Mount St. Piran (Banff National Park)

Distance: 13km
Elevation: 910m
Hiking Time: 4-6 hours
Are you looking for a real hiking challenge? Mount St. Piran includes a long stretch of loose rocks that will require some tricky footwork. Aside from the rocky parts, Mount St. Piran isn't a tough climb, but it's probably one that you need at least a few hikes under your belt to conquer. Once you get to the top, you'll find one of the best views of Banff National Park around. This is the right choice for a day hike, and it's challenging enough to take up most of the day, so plan for some extra time if you aren't used to scrambling rocky trails. You can find more details about this hike here.

Eiffel Lake

Distance: 11.2km
Elevation: 600km
Hiking Time: 5-6 hours
A hike rarely offers a view of ten different mountain peaks, but that's what you'll find when you visit the Eiffel Lake trail. This hike can be enjoyed by moderate to experienced hikers and comes with plenty of perks (mountain peaks aside) like wildflowers and plenty of wildlife. You'll want to check the weather before you go here.


Eiffel Lake trail, photo by William Patino @william_patino

 

Grassi Lakes

Distance: 4km
Hiking TIme: 1-2 hours
Waterfalls, caves, and plenty of rock climbers are some of the things you'll come across when you visit Grassi Lakes near the town of Canmore in the southern Canadian Rockies. There's a more specific part to this trail and one trail that's a lot harder - we like a challenge and think you should check out the steeper side, but if you're looking for a simple hike, the basic trail is also a great option. As with most trails, it's a good idea to check out the site before you go.

 

British Columbia

 

Al's Habrich Ridge Trail

Distance: 12km
Hiking Time: 6-7 hours
Vertical gain: 350m
You'll be hard-pressed to find better scenery on most hikes, but Al's ridge trail is on the more technical side terrain-wise. This trail travels through glacial formations, old forests, and rivers and is best suited for more experienced hikers. The trail takes a full day to complete (five or so hours if you are skilled and in a rush) and offers plenty of picnic spot break options. Find this trail at the start of the Sea to Sky Gondola and find additional details here.

Cape Scott Trail

Distance: 24km
Hiking Time: 2-4 days
Vertical gain: 1048m
Technically, this trail is marked 'moderate,' but we think the terrain is manicured and maintained enough to be a good choice for beginners. The Cape Scott Trail is long, though, so you'll want to either break it up or plan to hike for a few days and camp between stretches of trail. Wooden bridges, plenty of forest greenery, and changing weather makes this trail popular with hikers. Make sure to pack correctly because Cape Scott is in a spot where the weather can change rapidly, making the path exciting but challenging to traverse if you don't have the right gear. Bears tend to enjoy this route, too, so make sure to watch out for wildlife! More details about Cape Scott Trail are here.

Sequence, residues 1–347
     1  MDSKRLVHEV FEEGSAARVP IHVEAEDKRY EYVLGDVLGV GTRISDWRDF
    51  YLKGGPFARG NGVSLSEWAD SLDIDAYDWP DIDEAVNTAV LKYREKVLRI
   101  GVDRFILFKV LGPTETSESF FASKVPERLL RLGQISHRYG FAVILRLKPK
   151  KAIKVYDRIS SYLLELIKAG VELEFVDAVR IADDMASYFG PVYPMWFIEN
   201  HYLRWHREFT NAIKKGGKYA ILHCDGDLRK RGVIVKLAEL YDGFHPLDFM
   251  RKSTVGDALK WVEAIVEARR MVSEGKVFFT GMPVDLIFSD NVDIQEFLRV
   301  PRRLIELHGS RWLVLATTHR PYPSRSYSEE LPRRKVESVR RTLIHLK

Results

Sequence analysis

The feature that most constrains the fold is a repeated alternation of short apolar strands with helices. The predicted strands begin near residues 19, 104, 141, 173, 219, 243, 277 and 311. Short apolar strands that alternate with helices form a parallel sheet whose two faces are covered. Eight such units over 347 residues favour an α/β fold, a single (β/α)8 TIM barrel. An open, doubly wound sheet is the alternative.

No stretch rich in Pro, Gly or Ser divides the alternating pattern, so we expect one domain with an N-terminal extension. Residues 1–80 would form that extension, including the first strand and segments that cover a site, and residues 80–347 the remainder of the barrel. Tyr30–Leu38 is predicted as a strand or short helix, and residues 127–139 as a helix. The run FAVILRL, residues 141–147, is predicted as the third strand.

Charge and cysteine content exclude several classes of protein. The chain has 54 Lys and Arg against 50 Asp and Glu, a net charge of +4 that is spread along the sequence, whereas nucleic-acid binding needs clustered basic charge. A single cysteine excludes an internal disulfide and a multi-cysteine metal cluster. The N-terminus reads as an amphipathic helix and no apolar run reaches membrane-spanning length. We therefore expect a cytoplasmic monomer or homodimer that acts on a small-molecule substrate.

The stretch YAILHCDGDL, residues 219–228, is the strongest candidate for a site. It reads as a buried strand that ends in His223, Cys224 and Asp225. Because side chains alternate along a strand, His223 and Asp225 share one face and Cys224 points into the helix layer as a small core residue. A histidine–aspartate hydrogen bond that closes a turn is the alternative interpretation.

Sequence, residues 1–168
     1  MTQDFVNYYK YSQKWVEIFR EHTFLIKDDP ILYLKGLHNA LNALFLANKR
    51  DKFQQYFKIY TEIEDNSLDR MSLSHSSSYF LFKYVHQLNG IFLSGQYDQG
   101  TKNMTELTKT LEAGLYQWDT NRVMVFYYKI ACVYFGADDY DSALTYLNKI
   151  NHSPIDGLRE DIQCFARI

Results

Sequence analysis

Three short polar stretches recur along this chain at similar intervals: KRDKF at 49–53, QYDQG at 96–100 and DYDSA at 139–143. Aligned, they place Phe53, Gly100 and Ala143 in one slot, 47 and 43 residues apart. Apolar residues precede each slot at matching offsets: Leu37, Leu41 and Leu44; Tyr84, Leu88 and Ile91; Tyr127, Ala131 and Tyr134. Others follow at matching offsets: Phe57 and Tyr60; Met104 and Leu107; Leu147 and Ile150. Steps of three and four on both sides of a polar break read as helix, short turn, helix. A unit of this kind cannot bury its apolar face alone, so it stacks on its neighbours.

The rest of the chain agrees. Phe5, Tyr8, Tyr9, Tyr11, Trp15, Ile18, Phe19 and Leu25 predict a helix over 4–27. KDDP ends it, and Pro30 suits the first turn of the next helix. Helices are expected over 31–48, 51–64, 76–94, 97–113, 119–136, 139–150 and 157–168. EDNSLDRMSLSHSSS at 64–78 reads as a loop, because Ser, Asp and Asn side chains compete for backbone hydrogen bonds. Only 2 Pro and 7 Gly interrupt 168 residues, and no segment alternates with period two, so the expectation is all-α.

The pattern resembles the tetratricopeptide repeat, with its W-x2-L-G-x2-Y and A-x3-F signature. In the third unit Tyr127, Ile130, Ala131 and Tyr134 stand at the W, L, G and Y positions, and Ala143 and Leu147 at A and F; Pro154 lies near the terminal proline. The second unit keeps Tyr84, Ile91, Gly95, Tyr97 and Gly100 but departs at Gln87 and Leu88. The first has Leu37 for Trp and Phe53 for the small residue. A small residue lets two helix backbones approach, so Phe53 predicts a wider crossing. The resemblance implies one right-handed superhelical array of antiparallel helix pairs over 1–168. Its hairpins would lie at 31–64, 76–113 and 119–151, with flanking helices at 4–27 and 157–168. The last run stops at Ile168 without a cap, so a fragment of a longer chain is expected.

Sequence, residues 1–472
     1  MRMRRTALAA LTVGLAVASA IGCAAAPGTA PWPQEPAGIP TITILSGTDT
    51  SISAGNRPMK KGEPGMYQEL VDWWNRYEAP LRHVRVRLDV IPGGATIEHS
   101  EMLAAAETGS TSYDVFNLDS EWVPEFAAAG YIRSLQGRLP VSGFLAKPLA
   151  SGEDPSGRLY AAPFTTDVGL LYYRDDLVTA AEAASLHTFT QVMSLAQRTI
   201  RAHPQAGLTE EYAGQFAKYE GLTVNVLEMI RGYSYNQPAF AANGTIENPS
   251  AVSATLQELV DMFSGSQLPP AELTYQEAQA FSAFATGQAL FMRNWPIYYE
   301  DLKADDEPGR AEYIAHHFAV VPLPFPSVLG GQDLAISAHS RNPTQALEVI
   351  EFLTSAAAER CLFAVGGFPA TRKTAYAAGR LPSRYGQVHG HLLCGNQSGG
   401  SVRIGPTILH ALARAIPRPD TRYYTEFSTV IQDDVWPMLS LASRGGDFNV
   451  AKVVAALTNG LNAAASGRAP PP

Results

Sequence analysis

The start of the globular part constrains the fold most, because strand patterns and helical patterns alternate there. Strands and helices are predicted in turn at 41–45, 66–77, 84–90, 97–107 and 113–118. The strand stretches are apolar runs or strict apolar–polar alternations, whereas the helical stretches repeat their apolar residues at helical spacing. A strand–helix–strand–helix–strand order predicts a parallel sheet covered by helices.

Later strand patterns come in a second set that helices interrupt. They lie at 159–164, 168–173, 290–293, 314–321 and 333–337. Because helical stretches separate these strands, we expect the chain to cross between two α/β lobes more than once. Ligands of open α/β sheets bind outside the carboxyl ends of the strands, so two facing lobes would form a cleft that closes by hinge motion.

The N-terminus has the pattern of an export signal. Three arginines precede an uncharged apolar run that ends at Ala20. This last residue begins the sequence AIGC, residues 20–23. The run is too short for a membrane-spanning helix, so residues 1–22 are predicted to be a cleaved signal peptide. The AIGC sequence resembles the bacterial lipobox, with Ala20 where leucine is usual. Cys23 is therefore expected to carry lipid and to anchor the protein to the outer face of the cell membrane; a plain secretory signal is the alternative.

Cape Scott Provincial Park (Destination BC/Shayd Johnson)

 

Paul's Tomb (Knox Mountain)

Distance: 3km
Hiking Time: 2 hours
Vertical gain: 100 meters
If you're looking for a wide trail that you can leisurely traverse, Paul's Tomb in Know Mountain Park is the one for you. This trail is well maintained, doesn't come with overly rugged terrain, and still offers Lake Okanagan's impressive views. This trail is easy enough for beginners, kids, and anyone that wants a nice break from city life. You can find information about the trail and other details here.

Dogtooth Traverse

Distance: 16km
Hiking Time: 8-11 hours
This is not a trail for beginners or even intermediate hikers. Dogtooth doesn't offer a course of any kind, to be accurate. Instead, this is a place to hike that's filled with rocks and no real clear cut path, so you'll have to make your way by picking through the rugged mountainside. If you are an experienced hiker, and you do want a challenge, Dogtooth's views are unparalleled, and you'll be glad you took the time to explore this path. You will want to read up on the trail and current weather here before you go.

Panorama Ridge

Distance: 28.3km
Hiking Time: 2-3 days
Vertical gain: 1,541m